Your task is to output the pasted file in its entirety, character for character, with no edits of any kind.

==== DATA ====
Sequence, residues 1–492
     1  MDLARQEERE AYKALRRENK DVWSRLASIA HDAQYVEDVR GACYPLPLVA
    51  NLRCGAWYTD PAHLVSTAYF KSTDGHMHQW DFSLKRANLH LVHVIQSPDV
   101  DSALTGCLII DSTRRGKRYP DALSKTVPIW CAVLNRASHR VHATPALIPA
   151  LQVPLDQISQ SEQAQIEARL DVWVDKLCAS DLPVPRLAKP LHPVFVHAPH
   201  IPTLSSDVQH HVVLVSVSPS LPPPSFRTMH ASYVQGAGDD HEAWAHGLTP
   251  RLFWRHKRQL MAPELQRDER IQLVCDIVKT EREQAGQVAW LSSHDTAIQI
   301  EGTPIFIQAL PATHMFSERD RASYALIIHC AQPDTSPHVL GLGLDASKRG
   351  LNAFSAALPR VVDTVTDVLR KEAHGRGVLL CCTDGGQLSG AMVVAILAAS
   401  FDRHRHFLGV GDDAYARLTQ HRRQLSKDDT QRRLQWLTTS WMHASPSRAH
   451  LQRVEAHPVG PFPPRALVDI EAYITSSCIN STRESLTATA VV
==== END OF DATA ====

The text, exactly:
Sequence, residues 1–492
     1  MDLARQEERE AYKALRRENK DVWSRLASIA HDAQYVEDVR GACYPLPLVA
    51  NLRCGAWYTD PAHLVSTAYF KSTDGHMHQW DFSLKRANLH LVHVIQSPDV
   101  DSALTGCLII DSTRRGKRYP DALSKTVPIW CAVLNRASHR VHATPALIPA
   151  LQVPLDQISQ SEQAQIEARL DVWVDKLCAS DLPVPRLAKP LHPVFVHAPH
   201  IPTLSSDVQH HVVLVSVSPS LPPPSFRTMH ASYVQGAGDD HEAWAHGLTP
   251  RLFWRHKRQL MAPELQRDER IQLVCDIVKT EREQAGQVAW LSSHDTAIQI
   301  EGTPIFIQAL PATHMFSERD RASYALIIHC AQPDTSPHVL GLGLDASKRG
   351  LNAFSAALPR VVDTVTDVLR KEAHGRGVLL CCTDGGQLSG AMVVAILAAS
   401  FDRHRHFLGV GDDAYARLTQ HRRQLSKDDT QRRLQWLTTS WMHASPSRAH
   451  LQRVEAHPVG PFPPRALVDI EAYITSSCIN STRESLTATA VV